Monday, December 3, 2007

Mungo Man

Discovered in the 1970's Mungo man is the oldest evidence of man outside of Africa. Originally thought to be 60,000+ years old , his age has been downscaled to what is now considered to be accurate:- 40,000 years.

Maalie and I travelled to Mungo National Park to investigate this world heritage listed park. Like most of the national aprks, Mungo was a sheep and cattle station, and like most was stripped bare of native vegetation until it could no longer sustain farming.

For 10,000 years Aboriginal people lived by the banks of flowing streams and rivers, fishing and hunting. they moved away as the waters slowly dried up. It is evidence of global warming over tens of thousands of years.

Mr Mungo reclining

But it is the evidence of RAPID global warming that has changed the environment since the turn of the 20th century.

Creeping sand dunes, 33km Walls of China blown bare by the winds, weeds and feral animals are all that remain on this desolate landscape. Neighbouring properties are being offered back to the National Parks as they too succumb to the creeping luna landscapes.

Walls of China(not my photo)

Our journey was from Mildura and the road into Mungo is unsealed. Whilst not a problem for a passenger vehicle, should it rain then the road would become unpassable. A 4x4 is recommended for safety and comfort.

The facilities at the park are superb. Recently rebuilt shearers quarters and home make life comfortable indeed. The visitors centre reverberate tot the sound of digereedoo as the locals teach about the history of there people. its a world class facility, reflecting the importance of the region.

Maalie and I chose to camp in the camp grounds and were quite comfortable whilst Apostle birds nested nearby, and Whistling kites soared majestically overhead.

I cannot begin to describe the park itself. You drive over the lip of a crater and into another world. I half expected to see something prehistoric wandering about. The walk across the China Walls in bare feet with the sand between the toes is something else. I will not forget it.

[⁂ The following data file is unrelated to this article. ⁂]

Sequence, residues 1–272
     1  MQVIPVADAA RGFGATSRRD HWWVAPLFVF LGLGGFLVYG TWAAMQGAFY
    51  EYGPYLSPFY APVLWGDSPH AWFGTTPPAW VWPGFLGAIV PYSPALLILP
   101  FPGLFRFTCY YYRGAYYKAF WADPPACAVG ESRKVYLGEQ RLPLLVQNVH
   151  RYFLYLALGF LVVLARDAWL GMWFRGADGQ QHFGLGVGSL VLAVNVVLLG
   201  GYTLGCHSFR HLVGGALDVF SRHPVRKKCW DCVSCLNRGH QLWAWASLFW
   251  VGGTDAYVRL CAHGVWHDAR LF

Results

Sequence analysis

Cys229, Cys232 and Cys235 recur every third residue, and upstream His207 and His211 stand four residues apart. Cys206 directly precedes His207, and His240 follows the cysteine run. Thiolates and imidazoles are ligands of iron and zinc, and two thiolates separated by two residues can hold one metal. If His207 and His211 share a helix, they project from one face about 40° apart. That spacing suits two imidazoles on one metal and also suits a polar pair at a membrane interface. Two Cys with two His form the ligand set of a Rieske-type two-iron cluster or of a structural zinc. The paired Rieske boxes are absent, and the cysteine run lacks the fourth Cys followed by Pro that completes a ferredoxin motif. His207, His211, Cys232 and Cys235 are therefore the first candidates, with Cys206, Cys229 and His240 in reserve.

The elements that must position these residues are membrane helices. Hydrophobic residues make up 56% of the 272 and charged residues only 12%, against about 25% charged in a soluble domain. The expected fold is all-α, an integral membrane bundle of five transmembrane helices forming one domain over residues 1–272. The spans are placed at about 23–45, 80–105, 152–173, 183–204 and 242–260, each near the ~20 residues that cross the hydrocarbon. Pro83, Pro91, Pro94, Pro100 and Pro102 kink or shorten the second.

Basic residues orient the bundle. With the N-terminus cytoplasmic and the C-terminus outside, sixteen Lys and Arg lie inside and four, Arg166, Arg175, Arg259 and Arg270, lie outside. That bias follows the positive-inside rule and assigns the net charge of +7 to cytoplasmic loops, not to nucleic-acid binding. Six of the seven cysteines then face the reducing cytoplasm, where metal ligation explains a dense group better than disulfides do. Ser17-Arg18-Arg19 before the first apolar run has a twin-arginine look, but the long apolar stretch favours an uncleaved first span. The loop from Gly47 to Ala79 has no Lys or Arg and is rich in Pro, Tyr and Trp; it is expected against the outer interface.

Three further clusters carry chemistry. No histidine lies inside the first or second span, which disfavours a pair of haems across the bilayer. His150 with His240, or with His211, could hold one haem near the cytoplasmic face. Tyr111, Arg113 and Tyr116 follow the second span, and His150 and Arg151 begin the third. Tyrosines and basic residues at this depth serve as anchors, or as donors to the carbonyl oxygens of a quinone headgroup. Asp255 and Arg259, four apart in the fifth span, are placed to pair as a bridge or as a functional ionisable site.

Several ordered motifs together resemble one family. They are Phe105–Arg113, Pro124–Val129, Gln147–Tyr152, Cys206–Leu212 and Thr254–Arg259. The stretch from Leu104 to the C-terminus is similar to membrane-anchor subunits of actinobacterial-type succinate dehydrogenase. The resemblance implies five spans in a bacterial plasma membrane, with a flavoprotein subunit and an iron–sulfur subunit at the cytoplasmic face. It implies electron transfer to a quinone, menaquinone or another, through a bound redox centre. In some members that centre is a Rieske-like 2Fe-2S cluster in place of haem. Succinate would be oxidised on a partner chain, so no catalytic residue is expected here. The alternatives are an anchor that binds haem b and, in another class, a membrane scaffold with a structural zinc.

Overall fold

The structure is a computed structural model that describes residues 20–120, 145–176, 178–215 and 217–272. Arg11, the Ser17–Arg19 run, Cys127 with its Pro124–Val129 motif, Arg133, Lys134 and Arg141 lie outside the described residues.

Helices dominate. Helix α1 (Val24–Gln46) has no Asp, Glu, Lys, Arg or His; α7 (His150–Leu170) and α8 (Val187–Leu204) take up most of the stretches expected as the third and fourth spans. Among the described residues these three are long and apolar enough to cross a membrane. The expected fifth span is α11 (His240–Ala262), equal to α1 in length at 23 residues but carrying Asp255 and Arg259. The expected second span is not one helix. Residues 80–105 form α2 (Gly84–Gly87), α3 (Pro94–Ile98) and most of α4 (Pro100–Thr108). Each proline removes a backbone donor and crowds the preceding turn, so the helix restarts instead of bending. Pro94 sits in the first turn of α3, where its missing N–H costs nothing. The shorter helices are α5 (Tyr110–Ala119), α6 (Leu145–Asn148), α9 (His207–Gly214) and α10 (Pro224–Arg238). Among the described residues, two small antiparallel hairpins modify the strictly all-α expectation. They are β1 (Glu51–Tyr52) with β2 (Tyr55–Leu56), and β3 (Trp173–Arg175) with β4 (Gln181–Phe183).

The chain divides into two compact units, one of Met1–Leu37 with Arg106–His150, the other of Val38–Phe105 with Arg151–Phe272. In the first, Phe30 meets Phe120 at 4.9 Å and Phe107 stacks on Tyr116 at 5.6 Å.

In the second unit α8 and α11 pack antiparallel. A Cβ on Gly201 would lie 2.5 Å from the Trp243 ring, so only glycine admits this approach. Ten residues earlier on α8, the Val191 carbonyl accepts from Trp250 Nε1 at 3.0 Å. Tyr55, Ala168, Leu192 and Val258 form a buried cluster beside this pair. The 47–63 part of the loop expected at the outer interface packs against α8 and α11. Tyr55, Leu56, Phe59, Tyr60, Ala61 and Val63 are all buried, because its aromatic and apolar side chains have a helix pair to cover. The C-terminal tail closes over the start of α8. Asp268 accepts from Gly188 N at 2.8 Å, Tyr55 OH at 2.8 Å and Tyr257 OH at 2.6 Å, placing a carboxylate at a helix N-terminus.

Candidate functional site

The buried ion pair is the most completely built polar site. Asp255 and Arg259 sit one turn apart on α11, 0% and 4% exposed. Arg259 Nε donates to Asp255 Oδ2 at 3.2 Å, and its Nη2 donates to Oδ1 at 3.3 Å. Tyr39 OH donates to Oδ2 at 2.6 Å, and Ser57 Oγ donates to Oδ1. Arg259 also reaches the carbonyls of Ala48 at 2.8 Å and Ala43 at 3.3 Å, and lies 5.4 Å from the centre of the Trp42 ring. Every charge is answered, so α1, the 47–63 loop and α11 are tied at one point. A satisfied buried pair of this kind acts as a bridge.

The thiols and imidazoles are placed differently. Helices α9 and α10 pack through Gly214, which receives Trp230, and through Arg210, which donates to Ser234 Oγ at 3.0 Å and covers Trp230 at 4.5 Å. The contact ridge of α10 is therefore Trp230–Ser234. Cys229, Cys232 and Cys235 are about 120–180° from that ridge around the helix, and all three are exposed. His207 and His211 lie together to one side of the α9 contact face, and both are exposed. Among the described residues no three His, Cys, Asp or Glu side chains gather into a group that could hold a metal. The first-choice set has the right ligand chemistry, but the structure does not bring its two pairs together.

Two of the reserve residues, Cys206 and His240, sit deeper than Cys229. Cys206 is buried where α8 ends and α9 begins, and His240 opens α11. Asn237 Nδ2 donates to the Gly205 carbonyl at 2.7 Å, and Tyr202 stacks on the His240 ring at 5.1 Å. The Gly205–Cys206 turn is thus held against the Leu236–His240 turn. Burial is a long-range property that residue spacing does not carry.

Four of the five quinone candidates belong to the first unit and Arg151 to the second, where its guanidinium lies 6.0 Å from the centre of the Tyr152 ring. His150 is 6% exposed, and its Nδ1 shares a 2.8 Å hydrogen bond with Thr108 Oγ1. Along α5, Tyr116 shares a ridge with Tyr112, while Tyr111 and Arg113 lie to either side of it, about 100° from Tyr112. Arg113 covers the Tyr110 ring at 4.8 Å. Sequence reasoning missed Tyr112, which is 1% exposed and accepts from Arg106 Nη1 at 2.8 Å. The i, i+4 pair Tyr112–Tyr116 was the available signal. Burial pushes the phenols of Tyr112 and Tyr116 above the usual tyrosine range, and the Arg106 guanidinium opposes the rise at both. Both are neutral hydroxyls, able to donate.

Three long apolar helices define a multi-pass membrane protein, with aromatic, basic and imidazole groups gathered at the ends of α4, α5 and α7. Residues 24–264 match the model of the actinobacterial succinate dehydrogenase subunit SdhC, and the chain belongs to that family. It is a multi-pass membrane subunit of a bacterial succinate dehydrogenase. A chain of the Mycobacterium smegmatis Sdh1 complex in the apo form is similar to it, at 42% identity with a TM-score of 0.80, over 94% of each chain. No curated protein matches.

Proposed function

Of all the National Parks in the State, Mungo is perhaps the most breath taking, and not for the right reasons. As you stand on a dune with the wind blowing the grains away,it left me cold. Its a scene closer to that of the Sahara Desert. Yet its recent.

Bugs on the windscreen!

Don't miss the chance.

BTW I have heard they have found more skeletons on a neighbouring property, rumoured to be older than Mr Mungo, and rumoured to be a "modern civilisation".

Time will tell......


  1. You do a wonderful job for the Ozzie tourist board simon. I loved my holiday in the Northern Territory...but you keep showing me so many more exciting pieces of the Outback, so I am certain to be back sometime!

  2. Since becoming a park the soil has had a chance to stabilise and vegetation to regenerate - which is good. Mungo probably has the answer to the origins and spread of homosapiens! Very interesting looking mud nest, reminds me of the structure of coil pottery :)

  3. yes the Apostle birds nests and Apostle birds became a favorite of mine on the trip.. the nests are beautifully made..

    At first the birds look "ordinary" but then you can see a wonderful family structure/behaviour and the birds are very unique!

    Your comment re Mungo man is true ( until they discover something else!!) if you know what I mean!


  4. Ah! I remember all those places! Feeling nostalgic! You see more pictures (including Apostle Birds) of that trip here.

  5. What is a 'Walls of China'.

    Mungo man looks quite comfy. When you say that it is the oldest man outside Africa, do you mean modern HomoSapiens? Have any autralopithecus or early Homos been found?

    Piccies of Maalie as a young jock now on blogsite!

  6. Walls of china are a HUGE erosion of the soil sub structure due to wind and water. They are 33 (?) km long.....